has put China and Russia on notice firmly that the United States can no
longer be trifled with or taken for granted. This particularly applies
more to China as China had run wildly in the Indo Pacific Asia in the
last decade and a half when the United States stood strategically
distracted by its being stuck in the Iraq and Afghanistan quagmires.

China during this time in the Indo Pacific strategic vacuum so caused
by the United States built up unchecked a blue-water Navy and indulged
in aggression in South China Sea and East China Sea.

The questions that need to be analysed are many in terms of China and
Russia respones to United States unleashing its arsenal of economic
weapons, but two questions would suffice to be answered in this context.
 Could China persist to continue on the same path of misreading United
States policies earlier centred on ‘Risk Aversion’ strategies? Could
Russia side with China to raise the costs for the United States in the
politico-military domains?

China would be grievously misreading American intentions currently in
play. The United States is now in the process of retrieving lost ground
in the South China Sea by not checkmating China earlier. While one does
not foresee the United States undertaking military actions against
Chinese islands/artificial fortified islands in South China Sea one does
foresee the United States intensifying its challenges to China’s
claimed sovereignty over South China Sea by sizeable increase of FNOIPS
patrols by US Navy ships, US Air Force flights along with those of
allies like Japan.

In tandem, the United States is actively engaged in assisting and
motivating Japan and India towards sizeable military buildup of their
Armed Forces. All this is geared towards providing counterweights
against China.

Russia is being subjected to US sanctions imposed after Crimea
annexation and no let-up is in sight. The United States continues to
besiege Russian backed Syrian President—long target of US regime
change moves. United States is also besieging Iran which has close links
with China and Russia. One can expect further intensifications in
coming months.

While my past assessments showed that Russia would not be an active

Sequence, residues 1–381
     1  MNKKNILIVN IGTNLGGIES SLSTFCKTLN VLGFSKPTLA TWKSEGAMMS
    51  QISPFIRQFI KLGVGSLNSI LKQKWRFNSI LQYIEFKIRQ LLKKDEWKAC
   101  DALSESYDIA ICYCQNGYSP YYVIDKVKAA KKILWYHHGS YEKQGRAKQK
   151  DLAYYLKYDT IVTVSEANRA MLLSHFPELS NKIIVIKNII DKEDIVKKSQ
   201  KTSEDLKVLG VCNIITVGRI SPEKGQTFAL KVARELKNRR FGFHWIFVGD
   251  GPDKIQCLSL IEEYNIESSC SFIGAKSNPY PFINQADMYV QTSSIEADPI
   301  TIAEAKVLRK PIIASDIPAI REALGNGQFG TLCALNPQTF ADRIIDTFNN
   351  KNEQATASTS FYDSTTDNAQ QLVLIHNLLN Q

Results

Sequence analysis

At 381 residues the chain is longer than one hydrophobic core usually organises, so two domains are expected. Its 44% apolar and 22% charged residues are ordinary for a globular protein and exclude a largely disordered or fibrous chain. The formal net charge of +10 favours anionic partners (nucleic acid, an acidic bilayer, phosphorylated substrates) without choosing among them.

participant in any Chinese military adventurism against the United
States but in past weeks visuals of Russian Navy ships buzzing US Navy
ships in South China Sea signals a change in Russian postures even
though optical and transient for time being. But the potential for
military challenges in support of China by Russia cannot be ruled out
with changed challenges posed to them by the United States.

Analytically, one could assert that with every riposte by China and
Russia in terms of military moves to unsettle the United States to
divert from its strategy of economic warfare to gain its national
security interests, the United States could use its economic warfare
armoury that much more intensified, regardless of the tangential impact
on world markets and globalisation efforts.

Concluding, it needs to be emphasised that China and Russia though
rattled and fretful of not being able to fling economic ripostes in kind
against the United States, are unlikely to submit tamely to American
demands to fall in line with US national security interests. Economic
warfare now emerges as a potent weapon underwriting military strategies.
China and Russia will have to factor-in this in their US policy
formulations. Notably the global economic forecasts are more negative
for China and Russia and that is a force multiplier for the US economic
warfare arsenal against China and Russia. United States dominance in
Indo Pacific Asia will continue therefore despite any limited challenges
posed by China and Russia.

Eurasia Review